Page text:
Cycle with Wings

Published: February 1, 2012 - 17:11 Updated: February 3, 2012 - 16:51

Akhilesh Yadav is flying on the anti-incumbency wave across UP, while the game seems to be over for Mayawati

Pradeep Kapoor Lucknow

Even as Mayawati's five-year-old, almost 'dictatorial' regime's future hangs in uncertainty as UP goes to polls, there is a genuine desire for change. However, among political analysts, there is confusion over who would make it this time as the chief minister, a signal which has the potential to decisively alter politics in New Delhi.

"The game is over for Mayawati. Samajwadi Party (SP) will form the government with Congress and Rashtriya Lok Dal (RLD)," said Rakesh, a rickshawpuller. Lucknow, gripped with election fervour, is strangely benign towards all political outfits. Government official Ramesh Chandra, a Dalit, said that Mayawati's BSP will again emerge as the single largest party. Agitated that the Election Commission (EC) 'covered up' the multi-crore monuments of 'Dalit pride' that came up during the last five years, he said the move will unify Dalit voters in favour of Mayawati.

Under pressure over gigantic scams, including the murder of three officials in the massive NRHM scam, and the dismissal of a fleet of ministers in other scams, the 'Dalit ki beti' (daughter of a Dalit), as she prefers to call herself in times of adversity, is facing the heat from young scions, Rahul Gandhi and Akhilesh Yadav. They have been attacking her consistently in their meetings all over the state. "Anti-incumbency and the wave against corruption will dent BSP's hopes this time," said SR Darapuri, former IG, UP Police. Mayawati dismissed 20 ministers and denied tickets to 100 MLAs; the move might backfire and these candidates will work against BSP candidates.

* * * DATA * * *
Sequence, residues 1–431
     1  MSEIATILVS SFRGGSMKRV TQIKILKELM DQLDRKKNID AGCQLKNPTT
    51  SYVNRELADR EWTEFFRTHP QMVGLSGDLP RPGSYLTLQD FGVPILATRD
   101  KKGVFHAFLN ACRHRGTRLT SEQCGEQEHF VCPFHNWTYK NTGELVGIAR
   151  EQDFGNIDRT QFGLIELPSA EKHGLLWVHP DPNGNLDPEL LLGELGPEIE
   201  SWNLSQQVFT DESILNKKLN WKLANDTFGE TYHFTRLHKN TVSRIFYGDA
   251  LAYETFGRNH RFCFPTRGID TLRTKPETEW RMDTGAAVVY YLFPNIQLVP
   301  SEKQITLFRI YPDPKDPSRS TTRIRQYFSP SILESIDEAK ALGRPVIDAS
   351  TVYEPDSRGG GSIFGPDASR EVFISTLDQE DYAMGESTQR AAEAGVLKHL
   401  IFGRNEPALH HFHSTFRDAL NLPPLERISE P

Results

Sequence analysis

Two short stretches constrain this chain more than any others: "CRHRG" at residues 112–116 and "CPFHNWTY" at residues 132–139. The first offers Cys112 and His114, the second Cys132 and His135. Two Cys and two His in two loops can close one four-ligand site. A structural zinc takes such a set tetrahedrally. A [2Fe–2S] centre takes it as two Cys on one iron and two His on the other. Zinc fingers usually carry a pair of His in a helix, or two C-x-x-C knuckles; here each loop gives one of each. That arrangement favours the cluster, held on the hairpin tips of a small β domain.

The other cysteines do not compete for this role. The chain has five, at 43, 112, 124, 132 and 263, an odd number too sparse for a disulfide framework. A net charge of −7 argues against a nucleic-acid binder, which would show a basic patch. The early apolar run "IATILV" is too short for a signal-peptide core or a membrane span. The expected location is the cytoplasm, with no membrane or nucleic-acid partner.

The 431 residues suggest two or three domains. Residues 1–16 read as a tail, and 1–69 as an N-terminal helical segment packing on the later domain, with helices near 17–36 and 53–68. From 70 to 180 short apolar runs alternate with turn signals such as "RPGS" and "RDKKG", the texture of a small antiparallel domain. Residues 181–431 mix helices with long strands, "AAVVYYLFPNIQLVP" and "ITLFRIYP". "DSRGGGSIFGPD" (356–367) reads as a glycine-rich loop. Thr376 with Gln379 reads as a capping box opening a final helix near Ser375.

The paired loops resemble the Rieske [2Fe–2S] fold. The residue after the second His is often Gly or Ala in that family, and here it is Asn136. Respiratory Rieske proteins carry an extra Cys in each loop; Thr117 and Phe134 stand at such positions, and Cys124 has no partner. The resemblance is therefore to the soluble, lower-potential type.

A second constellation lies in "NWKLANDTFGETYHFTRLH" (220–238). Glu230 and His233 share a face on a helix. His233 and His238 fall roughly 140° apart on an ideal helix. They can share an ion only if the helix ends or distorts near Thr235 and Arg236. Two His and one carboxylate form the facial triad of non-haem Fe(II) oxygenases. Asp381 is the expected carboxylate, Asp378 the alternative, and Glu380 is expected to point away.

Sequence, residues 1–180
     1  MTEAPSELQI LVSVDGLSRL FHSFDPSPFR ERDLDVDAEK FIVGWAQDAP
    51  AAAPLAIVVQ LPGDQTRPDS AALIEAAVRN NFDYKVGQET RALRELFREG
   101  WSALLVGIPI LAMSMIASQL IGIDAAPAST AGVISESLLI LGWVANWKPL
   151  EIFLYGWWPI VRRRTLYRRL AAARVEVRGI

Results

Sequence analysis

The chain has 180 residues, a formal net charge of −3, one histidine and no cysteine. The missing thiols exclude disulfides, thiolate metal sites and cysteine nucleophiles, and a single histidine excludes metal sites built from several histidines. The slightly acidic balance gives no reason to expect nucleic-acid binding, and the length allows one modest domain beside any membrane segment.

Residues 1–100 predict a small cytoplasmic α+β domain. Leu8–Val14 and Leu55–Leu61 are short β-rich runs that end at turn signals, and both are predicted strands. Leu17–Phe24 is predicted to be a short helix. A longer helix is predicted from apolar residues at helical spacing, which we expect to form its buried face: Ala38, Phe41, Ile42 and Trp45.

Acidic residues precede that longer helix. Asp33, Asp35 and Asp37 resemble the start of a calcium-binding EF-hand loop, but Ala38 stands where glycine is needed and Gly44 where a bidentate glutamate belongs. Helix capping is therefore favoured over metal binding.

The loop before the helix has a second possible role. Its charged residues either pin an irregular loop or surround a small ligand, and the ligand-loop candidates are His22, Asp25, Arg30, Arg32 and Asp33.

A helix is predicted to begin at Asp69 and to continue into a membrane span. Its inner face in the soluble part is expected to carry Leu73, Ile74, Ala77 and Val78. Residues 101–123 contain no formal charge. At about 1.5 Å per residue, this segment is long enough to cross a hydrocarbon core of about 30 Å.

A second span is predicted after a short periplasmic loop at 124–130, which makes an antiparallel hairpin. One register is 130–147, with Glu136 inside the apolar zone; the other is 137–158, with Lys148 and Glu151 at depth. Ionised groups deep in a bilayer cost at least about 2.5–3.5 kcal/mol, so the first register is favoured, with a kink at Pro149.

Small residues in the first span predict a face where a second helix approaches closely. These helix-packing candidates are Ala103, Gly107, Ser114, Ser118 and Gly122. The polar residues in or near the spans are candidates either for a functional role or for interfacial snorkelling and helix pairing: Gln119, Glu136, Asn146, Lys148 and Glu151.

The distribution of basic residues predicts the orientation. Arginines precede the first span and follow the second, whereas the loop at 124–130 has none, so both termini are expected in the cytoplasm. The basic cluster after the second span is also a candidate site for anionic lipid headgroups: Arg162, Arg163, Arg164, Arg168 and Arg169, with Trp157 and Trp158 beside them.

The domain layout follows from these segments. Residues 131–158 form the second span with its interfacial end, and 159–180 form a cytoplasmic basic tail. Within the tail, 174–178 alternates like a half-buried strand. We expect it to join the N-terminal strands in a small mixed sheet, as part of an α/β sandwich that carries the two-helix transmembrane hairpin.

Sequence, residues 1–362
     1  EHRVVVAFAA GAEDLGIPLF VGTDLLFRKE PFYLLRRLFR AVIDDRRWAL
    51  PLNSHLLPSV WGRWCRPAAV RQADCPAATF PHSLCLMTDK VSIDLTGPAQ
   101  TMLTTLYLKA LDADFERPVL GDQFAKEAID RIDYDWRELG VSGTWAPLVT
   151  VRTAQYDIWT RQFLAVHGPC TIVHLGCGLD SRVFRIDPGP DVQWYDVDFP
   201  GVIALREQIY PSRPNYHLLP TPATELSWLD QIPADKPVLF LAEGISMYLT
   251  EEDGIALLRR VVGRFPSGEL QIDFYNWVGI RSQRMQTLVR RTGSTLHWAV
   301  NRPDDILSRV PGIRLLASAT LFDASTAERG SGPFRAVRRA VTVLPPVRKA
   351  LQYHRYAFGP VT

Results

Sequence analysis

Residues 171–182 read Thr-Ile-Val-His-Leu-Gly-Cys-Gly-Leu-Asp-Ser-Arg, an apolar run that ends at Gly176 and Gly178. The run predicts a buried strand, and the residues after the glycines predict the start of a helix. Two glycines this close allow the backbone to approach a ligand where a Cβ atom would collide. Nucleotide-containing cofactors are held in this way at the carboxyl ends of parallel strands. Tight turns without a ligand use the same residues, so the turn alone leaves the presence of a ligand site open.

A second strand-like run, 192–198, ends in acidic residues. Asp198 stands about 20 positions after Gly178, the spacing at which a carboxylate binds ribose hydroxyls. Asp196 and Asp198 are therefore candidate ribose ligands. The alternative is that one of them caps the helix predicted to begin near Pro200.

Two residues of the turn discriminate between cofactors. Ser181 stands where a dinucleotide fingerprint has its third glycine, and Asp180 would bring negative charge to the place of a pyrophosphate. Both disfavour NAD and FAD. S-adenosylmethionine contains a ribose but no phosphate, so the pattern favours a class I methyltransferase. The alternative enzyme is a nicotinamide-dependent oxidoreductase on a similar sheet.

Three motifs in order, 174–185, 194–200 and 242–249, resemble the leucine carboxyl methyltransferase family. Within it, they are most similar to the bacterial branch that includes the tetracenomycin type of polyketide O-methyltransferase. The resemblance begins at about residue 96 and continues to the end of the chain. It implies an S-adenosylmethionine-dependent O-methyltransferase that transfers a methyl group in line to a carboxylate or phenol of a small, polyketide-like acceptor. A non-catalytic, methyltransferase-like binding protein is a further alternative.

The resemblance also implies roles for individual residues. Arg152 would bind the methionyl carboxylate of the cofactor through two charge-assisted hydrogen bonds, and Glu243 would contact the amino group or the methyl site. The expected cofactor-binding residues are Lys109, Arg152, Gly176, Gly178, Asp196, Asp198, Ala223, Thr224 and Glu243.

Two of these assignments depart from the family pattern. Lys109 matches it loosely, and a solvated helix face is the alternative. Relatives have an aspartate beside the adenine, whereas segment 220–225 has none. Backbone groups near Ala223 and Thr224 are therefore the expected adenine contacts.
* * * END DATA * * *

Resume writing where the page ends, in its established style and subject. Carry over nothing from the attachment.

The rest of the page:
Others feel this will neutralise the anti-incumbency wave. BSP has given tickets to 88 SC candidates, 113 OBCs, 85 from the minorities, including Muslims, and 117 upper caste candidates, including 74 Brahmins, along with others. Mayawati, along with Satish Chandra Mishra, her Brahmin face, and Naseemuddin Siddiqui, her Muslim face, is trying hard to recreate the 'Sarvajan Hitay' magic which propelled her to a majority in the last elections, the only party to get a majority after BJP got it in 1991, riding on the Ram Mandir wave. "Now that there is a clear indication that Brahmins are not going to vote for BSP, she is trying to woo OBCs, Muslims and her stronghold, Dalits. This is why she has fielded 113 OBC candidates," said a political observer.

To lure Muslims, BSP appealed that it has set up an Urdu and Persian university in Lucknow, included 100 madarsas on the list of government grants, increased the scholarship given to one crore Muslim students to Rs 1 lakh, financial grant was given to Muslim girls for their marriage, the grant to Urdu Academy was increased, and 58 educational institutions were set up in predominantly Muslim areas. Muslims account for almost 20 per cent of the total electorate in UP and their presence is as high as 45 per cent plus in western UP. The Muslim factor will also be a decisive factor in this crucial assembly polls.

Salman Khursheed raked up the issue of Muslim reservations; this might upset the whole OBC equation. There is a feeling within Congress that the way so many tickets have been given to OBCs, under the influence of Kurmi leader Beni Prasad Verma and general secretary Digvijaya Singh, the move might backfire. They feel that OBCs (Yadavs and Kurmis) are upset with the 4.5 per cent sub-quota for Muslims within the OBC quota proposed by Congress.